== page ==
I did it. I got my mom into a memory care unit, but now I feel guilty and my brother is causing trouble at the nursing home.

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My mother has had dementia for several years and it has taken me all that time and much therapy to actually have her admitted. She has her own room and it's a beautiful caring place, but now that it's done, she hates me and my brother was there causing trouble trying to get her out (though he has never done a thing to help with the situation at all) and I feel like I did take her life away from her. And I'm afraid I will feel guilty forever.


Stell; I want you to track down a book at your local library or book store or Amazon; it's called Being Mortal by Atul Gawunde.

Sometimes, we are forced with a choice of keeping our elders happy or safe. Sometimes what they want is not a good choice. If we feel responsible for their safety, then we make the choice to get them into the level of care that they need, not what they want.

Guilt is for folks who did something wrong. Not you.

And by the way, it's her dementia that is robbing her of her life, not you. You got her to a safe harbor. She may eventually thank you for what you did.

Is she being seen by a geriatric psychiatrist for her depression and agitation? These conditions often accompany dementia (what I think of as "broken brain syndrome"). For some, meds for anxiety and depression have been real game changers; they won't fix the dementia, but they can fix some of the symptoms, sometimes.

Be well. Rest easy.
People who have dementia may not be mentally able to realize that they need a certain level of care. No matter how obvious it is, they just can't understand. You may never be able to get your mom to understand. But, that's how brutal and unfair dementia is. We, as the caretakers, have to make tough, but, smart decisions about the care and protection of our loved one. It's out duty. We should feel guilty only when we don't do that. It sounds like you did. I would be grateful that she was safe and cared for.

I'd seek legal advice about your brother trying to bother your mom to see what options you may have to prevent him from causing trouble. Some people just don't get it.
It may very well take you a long time to adjust to mom's new life - I had to make the decision to place my then 92 year old mom in memory care 15 months ago - I hate that I had to do it and it continues to be exhausting and stressful for me to be responsible for her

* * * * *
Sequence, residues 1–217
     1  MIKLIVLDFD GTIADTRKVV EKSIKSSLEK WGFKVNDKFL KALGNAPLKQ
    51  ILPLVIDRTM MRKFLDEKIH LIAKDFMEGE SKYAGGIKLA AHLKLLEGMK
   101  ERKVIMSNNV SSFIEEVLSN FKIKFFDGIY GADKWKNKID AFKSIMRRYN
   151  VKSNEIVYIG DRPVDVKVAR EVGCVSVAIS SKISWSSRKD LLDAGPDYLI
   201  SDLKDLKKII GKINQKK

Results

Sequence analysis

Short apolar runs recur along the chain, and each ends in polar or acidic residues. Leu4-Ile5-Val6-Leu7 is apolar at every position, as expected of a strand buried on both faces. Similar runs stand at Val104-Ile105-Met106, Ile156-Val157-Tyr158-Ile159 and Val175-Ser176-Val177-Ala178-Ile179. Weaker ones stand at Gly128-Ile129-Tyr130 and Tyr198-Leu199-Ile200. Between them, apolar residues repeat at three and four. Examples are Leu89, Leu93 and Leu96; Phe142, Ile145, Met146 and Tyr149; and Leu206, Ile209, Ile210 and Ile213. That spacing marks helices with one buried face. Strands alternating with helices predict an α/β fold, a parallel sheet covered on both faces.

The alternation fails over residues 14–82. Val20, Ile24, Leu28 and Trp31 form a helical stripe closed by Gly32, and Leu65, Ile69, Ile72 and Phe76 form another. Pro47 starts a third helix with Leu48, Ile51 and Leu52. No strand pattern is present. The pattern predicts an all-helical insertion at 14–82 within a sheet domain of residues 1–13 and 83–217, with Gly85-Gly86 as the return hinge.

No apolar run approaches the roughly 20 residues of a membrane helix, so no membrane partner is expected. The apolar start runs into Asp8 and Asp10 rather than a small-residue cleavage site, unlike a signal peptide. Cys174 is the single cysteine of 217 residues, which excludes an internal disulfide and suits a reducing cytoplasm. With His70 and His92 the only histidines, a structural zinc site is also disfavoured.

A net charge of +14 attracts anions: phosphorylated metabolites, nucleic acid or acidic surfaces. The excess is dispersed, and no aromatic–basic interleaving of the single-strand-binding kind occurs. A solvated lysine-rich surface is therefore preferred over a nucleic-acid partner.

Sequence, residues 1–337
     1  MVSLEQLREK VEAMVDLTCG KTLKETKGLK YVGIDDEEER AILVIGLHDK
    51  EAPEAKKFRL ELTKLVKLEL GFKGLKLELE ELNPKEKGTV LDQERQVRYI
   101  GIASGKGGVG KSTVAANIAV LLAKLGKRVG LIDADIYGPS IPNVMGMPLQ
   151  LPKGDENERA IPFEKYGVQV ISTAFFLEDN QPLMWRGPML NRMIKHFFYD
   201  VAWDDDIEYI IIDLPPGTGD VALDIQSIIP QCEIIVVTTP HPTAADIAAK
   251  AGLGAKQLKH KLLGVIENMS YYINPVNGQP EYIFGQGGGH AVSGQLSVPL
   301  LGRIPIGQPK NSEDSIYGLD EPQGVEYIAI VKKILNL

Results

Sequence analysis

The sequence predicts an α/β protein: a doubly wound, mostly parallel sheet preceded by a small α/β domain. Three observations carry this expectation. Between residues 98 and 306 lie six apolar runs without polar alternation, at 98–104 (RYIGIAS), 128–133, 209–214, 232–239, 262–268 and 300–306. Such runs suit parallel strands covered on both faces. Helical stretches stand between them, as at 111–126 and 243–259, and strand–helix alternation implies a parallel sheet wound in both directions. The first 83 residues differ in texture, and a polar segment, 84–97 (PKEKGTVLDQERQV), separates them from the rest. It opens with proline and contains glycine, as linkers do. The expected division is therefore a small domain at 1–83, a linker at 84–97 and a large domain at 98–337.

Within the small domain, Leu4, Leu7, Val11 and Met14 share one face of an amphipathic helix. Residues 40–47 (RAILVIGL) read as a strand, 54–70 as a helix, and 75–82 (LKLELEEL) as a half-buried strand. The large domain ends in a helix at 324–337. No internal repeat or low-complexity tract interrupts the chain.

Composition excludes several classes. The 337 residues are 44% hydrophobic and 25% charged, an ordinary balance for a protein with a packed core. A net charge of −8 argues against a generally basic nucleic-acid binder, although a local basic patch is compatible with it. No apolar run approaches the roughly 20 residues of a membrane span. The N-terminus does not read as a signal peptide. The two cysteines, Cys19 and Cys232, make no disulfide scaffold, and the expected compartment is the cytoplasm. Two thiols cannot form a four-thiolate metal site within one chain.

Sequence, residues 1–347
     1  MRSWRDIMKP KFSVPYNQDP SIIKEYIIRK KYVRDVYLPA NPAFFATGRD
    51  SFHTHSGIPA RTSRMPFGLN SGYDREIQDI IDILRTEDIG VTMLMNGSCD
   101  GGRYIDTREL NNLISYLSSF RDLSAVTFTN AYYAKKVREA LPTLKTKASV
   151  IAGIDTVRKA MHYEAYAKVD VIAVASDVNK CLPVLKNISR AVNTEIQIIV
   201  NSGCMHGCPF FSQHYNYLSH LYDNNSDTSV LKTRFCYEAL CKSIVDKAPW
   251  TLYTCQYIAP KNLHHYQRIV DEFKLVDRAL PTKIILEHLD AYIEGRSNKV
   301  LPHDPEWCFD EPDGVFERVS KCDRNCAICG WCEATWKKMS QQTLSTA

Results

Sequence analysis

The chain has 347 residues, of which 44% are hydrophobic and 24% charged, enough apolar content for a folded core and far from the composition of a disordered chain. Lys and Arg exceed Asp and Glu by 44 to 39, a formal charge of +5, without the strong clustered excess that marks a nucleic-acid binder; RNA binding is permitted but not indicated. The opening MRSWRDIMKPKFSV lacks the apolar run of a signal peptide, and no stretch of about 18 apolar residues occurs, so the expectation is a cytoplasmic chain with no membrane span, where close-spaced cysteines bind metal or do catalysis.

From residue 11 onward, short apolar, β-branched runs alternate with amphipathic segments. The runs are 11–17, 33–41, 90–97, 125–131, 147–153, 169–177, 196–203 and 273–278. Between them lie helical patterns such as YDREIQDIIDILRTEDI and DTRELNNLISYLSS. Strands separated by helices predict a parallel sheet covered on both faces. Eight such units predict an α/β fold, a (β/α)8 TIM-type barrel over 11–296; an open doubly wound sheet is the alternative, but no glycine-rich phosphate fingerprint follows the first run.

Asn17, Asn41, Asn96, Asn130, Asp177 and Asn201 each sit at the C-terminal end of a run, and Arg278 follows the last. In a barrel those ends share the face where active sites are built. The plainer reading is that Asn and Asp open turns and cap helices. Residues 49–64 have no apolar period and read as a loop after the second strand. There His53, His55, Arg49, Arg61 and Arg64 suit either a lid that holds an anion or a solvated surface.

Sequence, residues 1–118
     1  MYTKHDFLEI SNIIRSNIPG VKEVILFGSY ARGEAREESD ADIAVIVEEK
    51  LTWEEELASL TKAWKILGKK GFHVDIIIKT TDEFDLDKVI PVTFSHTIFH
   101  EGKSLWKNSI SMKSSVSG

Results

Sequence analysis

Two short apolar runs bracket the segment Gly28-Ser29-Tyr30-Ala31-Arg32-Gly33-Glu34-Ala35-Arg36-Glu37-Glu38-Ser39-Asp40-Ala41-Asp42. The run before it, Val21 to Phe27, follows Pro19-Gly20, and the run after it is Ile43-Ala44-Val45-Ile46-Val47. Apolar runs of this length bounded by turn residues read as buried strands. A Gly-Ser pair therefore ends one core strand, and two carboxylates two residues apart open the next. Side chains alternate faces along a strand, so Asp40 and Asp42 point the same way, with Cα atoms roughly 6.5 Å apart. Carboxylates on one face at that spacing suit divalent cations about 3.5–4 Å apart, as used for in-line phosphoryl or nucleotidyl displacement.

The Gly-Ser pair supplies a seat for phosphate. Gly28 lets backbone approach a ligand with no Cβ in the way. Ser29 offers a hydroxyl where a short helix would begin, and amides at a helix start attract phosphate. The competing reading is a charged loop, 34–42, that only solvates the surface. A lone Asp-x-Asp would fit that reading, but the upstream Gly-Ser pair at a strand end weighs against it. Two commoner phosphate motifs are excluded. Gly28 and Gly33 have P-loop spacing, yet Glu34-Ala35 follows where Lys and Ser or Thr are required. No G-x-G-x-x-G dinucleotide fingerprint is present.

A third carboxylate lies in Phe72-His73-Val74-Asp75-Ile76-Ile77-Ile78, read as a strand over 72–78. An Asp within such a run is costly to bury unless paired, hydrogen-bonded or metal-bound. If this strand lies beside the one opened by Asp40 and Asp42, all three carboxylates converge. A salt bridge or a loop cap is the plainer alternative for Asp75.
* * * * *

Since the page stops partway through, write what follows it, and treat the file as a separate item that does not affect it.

If you found a caring happy place for mom to live out her days then you are a hero - it may take her a very long time to adjust depending on where she is in the disease

As for your brother - was he trying to take her out for an outing or move her out?

Who has POA?
As BarbB says, "Guilt is for folks who did something wrong. Not you."

You may well feel regret for a long time, maybe even forever when you think about it. Certainly you regret that you had to do this. You regret that your mother is not happy. The situation is sad. Feeling sad makes sense.

But guilt? Your mother developed dementia. That is Not Your Fault. Your brother wasn't there for her. That is Not Your Fault. Her disease progressed to a point where she needed a higher level of care and 24 hour supervision. That is Not Your Fault. In her currently befuddled mind she is saying she hates you. That is Not Your Fault. This situation is not your fault. Give up the guilt. You haven't earned it.

Once your mother settles in (if not stirred up by your brother) she will probably forget that she "hated" you. And if she were in her right mind, she'd probably be appalled that she said that!
Before you seek legal advice about your brother, I'd sit down with the facility administrator and see what their policies are about disruptive visitors. They may have some procedures for dealing with this.
Thank you so much. I keep trying to get my brain to deal with the situation. My brother has never done anything for her, he just cares that the money he thought he was going to inherit will be used for our mother's care. He never visits her, he only wanted to get her out. I don't think he had a plan. He called  the fact that she was in the nursing home as "kidnapping".
Yes, I'd talk to the NH social worker about what steps they will take to insure that brother does not try to remove her.

But if he does, she is HIS responsibility, not yours.
There always seems to be at least one relative who fails to see the necessity of placing Mom in care, becoming part of the problem rather than the solution. They insist you're being cruel/insensitive/selfish because you're not willing to sacrifice all (marriage, your own health, finances, sanity) by keeping Mom in your own home or some other equally unsuitable arrangement. You might ask your brother when HE'LL be moving Mom into HIS home and see how he responds.
Sometimes what a person needs is not gonna be what they want. If your mom is on Medicaid, there won't be anything to inherit except personal things like clothes, maybe a teacup and a piece of furniture. Even if she has money saved, the NH will eat up those savings and there still won't be any kind of cash to inherit. I'm guessing that is what your brother really wants is the money but you to keep taking care of her. If you have POA, talk to the NH to limit your brother's visits to once every couple weeks with you being there. He can't visit her alone. You did the best you could when you took care of her at home, but her needs became more than what you could due. Keeping her clean, safe and fed is honoring the mother and father bit.

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